Wrap-Up — Anyone who says home court advantage in the Playoffs is overrated hasn’t watched a minute of the 2018 Eastern Conference Finals.
The Cavaliers squad that got after Boston in the previous two games at The Q was not present for most of Game 5 at TD Garden, as the Celtics jumped on the Wine & Gold midway through the first quarter and kept them at arm’s length for the rest of the night – holding on for the 96-83 victory and putting Cleveland in a win-or-go-home scenario on Friday night.
Making matters worse on Wednesday night was the fact that Boston gave the Cavs plenty of chances to steal the game. The Celtics shot just 37 percent from the floor, missing several point-blank attempts once again, and committed 10 turnovers. But Cleveland simply couldn’t capitalize when it counted.
The collective effort that highlighted the two games in Cleveland was also lacking in Game 5. Only two Cavaliers – LeBron James and Kevin Love – notched double-figure scoring (compared to five different Celtics). The All-Star duo combined for 18 of Cleveland’s 19 points in the opening period, and that was the case for much of the next three quarters.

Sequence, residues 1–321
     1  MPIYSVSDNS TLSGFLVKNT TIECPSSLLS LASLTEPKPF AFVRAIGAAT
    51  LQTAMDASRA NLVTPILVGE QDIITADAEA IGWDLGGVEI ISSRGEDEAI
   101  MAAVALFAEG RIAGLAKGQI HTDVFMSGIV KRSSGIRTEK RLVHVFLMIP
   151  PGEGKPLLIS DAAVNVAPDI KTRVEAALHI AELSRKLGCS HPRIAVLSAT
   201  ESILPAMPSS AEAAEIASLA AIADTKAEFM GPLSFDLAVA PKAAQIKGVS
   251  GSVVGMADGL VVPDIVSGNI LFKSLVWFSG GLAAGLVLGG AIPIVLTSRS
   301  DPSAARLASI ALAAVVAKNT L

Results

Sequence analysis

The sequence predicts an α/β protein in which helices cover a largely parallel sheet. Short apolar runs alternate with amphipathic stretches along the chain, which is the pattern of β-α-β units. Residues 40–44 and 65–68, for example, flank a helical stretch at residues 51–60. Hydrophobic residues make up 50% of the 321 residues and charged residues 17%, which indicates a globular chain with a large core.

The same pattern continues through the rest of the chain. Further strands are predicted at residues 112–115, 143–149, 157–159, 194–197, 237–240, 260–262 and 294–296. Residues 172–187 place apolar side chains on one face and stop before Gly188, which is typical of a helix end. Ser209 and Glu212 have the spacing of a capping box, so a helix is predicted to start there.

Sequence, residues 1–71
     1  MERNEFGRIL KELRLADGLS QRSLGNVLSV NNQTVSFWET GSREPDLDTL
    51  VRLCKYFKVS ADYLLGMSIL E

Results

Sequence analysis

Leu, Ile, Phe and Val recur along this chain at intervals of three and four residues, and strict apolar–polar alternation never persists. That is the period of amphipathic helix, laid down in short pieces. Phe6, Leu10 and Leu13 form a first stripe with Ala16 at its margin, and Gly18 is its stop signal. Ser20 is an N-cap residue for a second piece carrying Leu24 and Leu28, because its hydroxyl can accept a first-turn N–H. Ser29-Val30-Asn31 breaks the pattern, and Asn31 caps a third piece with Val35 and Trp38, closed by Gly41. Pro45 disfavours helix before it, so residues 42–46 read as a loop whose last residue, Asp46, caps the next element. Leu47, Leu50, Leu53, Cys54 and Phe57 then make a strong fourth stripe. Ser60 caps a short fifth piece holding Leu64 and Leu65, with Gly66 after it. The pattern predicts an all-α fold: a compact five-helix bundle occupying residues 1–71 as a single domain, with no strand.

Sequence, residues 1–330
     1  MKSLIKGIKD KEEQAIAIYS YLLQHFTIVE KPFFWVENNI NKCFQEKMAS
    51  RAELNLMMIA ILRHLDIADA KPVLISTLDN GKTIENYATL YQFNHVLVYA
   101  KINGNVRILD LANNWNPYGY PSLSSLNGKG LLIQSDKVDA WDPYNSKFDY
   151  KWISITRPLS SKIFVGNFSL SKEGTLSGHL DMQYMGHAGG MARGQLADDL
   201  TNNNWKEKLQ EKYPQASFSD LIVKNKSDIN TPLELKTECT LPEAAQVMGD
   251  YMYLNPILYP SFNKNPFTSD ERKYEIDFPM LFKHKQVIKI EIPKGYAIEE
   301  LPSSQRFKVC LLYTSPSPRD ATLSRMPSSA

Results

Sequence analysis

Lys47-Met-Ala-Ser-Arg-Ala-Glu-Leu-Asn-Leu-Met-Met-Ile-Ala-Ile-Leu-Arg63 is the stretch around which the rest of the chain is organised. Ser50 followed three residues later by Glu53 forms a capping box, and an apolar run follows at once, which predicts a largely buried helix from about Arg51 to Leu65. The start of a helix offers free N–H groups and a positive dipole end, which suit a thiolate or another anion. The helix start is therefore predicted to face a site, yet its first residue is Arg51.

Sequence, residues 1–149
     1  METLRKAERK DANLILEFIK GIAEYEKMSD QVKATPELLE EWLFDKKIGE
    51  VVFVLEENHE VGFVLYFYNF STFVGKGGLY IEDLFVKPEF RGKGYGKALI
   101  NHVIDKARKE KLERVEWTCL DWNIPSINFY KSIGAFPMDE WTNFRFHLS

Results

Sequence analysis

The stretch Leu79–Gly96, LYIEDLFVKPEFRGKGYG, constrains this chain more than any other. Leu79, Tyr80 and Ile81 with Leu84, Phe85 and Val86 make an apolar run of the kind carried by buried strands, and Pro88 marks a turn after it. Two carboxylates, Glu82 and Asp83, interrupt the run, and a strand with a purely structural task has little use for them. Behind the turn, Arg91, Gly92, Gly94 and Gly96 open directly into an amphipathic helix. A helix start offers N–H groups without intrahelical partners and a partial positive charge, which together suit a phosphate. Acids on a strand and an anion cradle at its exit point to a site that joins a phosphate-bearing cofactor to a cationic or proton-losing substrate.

The Wine & Gold’s biggest lead of the night was three points – taking a 12-9 edge as Tristan Thompson split a pair of free throws. From there, it was all Celtics as they took an 11-point advantage into the halftime locker room and led by double-figures for nearly the entire second half.
The closest Cleveland got in the second stanza was nine points, and that moment came within the first 75 seconds of the third quarter.
While the Cavaliers were good defensively, they weren’t very sharp on the offensive end.
Aside from featuring just two players in double-figures, Cleveland only connected on nine triples on 23 attempts and didn’t score more than 23 points in any of the four quarters. LeBron finished with more turnovers (6) than assists (5), Love was a -23 in 30 minutes of action and Cleveland’s remaining three starters – George Hill, JR Smith and Tristan Thompson – combined for exactly 10 points.
”I thought tonight we got a lot of open shots that we didn’t capitalize on,” lamented Coach Lue. “I thought we had a chance to get some easy baskets in transition that we didn’t capitalize on. We turned the basketball over, and they were able to get out and get something after we turned it over. I didn’t think we played well tonight at all.”
Coming off his 44-point performance in Game 4, LeBron didn’t look like himself on Wednesday. He still managed to lead both teams with 26 points and the Cavs with 10 boards, but seemed to be playing uphill all night. The four-time MVP went 11-for-22 from the floor, including 1-of-6 from long-distance, adding five assists and a steal.
Love was outstanding in the first quarter – notching 10 points on 4-for-6 shooting – but he added just four more points the rest of the way, finishing 6-of-13 from the field, including 2-of-7 from three-point range. Love, one of two Cavs starters who didn’t attempt a free throw on the night, added seven boards, two assists, two steals and a blocked shot.